Western Province players celebrate their victory over the Bulls at Newlands Stadium on Saturday. Photo: Chris Ricco/BackpagePix

CAPE TOWN – There can be no doubt that the Currie Cup is nothing like it used to be.

The domestic competition has become a predominantly developmental tournament and a period for the Springboks to catch a break between the Rugby Championship and end-of-year tour, while Super Rugby stars head abroad to cash in during short-term playing spells.

So, with few “big names” to add vigour and act as drawing cards for the South African rugby public, it’s probably no surprise that stadium seats look the way they do (just think of an embarrassingly empty Kings Park Stadium for the semi-final between the Sharks and Golden Lions, while just over 18 000 seats were occupied at Newlands).

The single-round format that was introduced this year also didn’t help the world’s oldest provincial competition lure numbers back to stadia. In fact, it has probably only made matters worse. Teams need to play each other home and away.

It’s a proper assessment of a team’s character and form, both home and away. And while the single-round format certainly upped the pressure as there was no time to slowly get into the swing of things, did it in any way improve the competition?

Probably not.

One thing that should certainly have done its share in adding more spice to the “dead” competition, however, is the epic that played out at Newlands in the semi between Western Province and the Blue Bulls.

If SA Rugby wanted an advertisement promoting the “aliveness” of the Currie Cup, that game would have been it. Hands down.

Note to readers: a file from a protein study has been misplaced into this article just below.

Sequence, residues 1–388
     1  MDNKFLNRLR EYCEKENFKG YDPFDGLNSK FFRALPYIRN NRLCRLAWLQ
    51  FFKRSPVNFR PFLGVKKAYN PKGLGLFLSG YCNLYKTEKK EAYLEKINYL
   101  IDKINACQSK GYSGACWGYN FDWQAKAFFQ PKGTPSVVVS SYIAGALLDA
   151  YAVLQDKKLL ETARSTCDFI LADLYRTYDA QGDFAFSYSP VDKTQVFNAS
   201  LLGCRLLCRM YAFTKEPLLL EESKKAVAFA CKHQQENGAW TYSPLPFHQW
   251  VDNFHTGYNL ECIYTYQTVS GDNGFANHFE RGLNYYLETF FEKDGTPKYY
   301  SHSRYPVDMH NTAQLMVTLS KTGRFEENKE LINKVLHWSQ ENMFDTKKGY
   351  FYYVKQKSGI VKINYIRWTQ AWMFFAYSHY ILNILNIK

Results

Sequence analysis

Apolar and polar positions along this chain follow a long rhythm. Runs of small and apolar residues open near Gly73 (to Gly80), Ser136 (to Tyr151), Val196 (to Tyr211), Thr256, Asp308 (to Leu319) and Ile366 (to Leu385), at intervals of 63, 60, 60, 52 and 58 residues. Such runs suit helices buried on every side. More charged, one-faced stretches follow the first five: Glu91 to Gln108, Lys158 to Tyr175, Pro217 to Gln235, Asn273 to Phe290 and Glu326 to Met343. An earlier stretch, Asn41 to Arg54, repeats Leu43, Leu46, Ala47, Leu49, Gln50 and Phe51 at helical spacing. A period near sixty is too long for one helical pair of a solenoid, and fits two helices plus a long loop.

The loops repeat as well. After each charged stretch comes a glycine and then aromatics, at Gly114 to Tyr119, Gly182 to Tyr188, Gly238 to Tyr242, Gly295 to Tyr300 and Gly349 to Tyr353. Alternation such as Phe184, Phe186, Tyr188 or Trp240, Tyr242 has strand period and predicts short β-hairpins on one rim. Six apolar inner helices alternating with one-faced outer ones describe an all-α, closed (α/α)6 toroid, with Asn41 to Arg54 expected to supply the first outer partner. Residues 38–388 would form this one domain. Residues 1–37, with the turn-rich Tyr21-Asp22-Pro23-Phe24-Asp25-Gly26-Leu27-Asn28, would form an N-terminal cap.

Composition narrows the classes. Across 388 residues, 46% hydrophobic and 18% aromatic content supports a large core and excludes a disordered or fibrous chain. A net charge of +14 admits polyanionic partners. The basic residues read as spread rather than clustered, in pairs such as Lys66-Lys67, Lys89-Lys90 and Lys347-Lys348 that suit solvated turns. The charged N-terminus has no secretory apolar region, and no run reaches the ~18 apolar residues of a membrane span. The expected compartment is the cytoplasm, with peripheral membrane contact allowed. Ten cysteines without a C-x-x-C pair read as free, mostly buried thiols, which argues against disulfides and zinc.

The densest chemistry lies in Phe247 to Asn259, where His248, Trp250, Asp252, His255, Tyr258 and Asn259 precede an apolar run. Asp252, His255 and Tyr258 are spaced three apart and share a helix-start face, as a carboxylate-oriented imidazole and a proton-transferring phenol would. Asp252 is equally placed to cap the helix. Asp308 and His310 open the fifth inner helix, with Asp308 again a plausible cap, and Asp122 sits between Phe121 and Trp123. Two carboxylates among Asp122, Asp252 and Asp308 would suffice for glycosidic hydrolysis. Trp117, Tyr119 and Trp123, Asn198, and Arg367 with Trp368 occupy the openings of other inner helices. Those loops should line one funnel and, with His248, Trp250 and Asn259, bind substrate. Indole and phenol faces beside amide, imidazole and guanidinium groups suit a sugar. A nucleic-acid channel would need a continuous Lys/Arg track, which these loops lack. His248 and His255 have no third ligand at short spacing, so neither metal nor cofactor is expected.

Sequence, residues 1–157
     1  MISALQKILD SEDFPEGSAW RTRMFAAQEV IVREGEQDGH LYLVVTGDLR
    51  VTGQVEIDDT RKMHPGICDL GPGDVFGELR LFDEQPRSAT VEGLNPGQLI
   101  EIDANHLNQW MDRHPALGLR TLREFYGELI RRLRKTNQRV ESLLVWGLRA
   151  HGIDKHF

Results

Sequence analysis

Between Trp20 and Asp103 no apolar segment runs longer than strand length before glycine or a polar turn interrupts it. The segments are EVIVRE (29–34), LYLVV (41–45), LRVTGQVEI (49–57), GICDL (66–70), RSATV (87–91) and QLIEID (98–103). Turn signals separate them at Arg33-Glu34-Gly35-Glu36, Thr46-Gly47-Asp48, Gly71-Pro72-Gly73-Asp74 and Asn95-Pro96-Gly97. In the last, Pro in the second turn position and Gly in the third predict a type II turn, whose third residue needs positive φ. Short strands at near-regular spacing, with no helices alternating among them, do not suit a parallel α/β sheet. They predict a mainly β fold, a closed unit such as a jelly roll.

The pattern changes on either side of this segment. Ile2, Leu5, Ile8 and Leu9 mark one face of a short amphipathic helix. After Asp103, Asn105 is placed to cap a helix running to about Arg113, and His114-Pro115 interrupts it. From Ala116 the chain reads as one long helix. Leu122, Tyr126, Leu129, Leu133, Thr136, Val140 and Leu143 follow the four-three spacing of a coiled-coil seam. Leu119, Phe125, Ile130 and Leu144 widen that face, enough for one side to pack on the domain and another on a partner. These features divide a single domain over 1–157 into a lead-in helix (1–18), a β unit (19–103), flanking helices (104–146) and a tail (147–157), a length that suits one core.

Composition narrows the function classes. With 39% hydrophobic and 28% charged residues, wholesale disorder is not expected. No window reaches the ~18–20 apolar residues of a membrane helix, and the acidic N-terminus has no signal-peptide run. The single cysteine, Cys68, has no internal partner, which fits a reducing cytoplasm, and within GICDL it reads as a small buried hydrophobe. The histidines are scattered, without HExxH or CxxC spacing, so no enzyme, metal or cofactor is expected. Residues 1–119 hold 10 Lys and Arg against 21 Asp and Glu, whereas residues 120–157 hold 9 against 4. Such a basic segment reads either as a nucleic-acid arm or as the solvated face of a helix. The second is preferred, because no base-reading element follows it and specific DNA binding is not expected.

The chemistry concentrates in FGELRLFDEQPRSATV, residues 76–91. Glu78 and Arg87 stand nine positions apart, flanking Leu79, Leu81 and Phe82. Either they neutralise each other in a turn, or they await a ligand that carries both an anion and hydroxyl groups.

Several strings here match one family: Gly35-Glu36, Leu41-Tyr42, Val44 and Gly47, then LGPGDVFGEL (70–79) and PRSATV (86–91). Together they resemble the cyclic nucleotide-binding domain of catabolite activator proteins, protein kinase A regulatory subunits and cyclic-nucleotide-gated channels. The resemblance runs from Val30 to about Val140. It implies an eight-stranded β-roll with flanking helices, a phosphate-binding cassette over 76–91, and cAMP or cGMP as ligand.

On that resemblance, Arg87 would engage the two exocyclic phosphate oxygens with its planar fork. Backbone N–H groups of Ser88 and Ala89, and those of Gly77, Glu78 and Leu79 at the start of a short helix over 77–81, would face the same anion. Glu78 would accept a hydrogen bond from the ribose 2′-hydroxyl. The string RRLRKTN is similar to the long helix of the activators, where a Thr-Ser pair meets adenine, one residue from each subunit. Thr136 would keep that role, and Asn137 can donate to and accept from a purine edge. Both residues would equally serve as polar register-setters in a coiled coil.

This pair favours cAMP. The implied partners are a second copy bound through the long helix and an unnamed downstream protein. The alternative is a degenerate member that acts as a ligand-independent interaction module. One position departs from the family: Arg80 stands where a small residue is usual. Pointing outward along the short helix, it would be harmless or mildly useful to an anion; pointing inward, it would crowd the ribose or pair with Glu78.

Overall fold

And it was much-needed to stir some excitement and anticipation ahead of the Newlands final between WP and the Sharks.

After all, up until kickoff at Newlands on Saturday, Province’s scintillating 2018 form had made the match against their rivals seem like a mere formality to WP getting into their home final and ultimately lifting the Cup again.

Sergeal Petersen in action for Western Province at Newlands Stadium on Saturday. Photo: Chris Ricco/BackpagePix
Sergeal Petersen in action for Western Province at Newlands Stadium on Saturday. Photo: Chris Ricco/BackpagePix

And after six huge bonus-point wins - after having outscored, outsmarted and simply outplayed every single team they’d encountered and also having humiliated the Bulls at Loftus two weeks ago - who can blame the Newlands Faithful for getting ahead of themselves?

And as much as that thriller was needed for the overall reputation of the Currie Cup and to hype up the final (if ever you needed an example of “anything can happen”, that north-south derby was almost it), then that game delivered. And it would have also done a lot for WP.

After experiencing the kind of season the unstoppable streeptruie have had, their scare against the Bulls should have done enough to prevent any complacency from creeping in. It would have done enough to highlight the nature of finals rugby. And it would have done enough to perhaps place the defending champions in a better place mentally to retain the trophy than what they were say, a week ago.

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It would be a stretch to say that WP’s A-rated thriller against the Bulls single-handedly did enough to make the Currie Cup great again, but it certainly showed that it can still produce great battles. 

And it might have also equipped WP with the edge they need to perfectly cap off their season.


Cape Times

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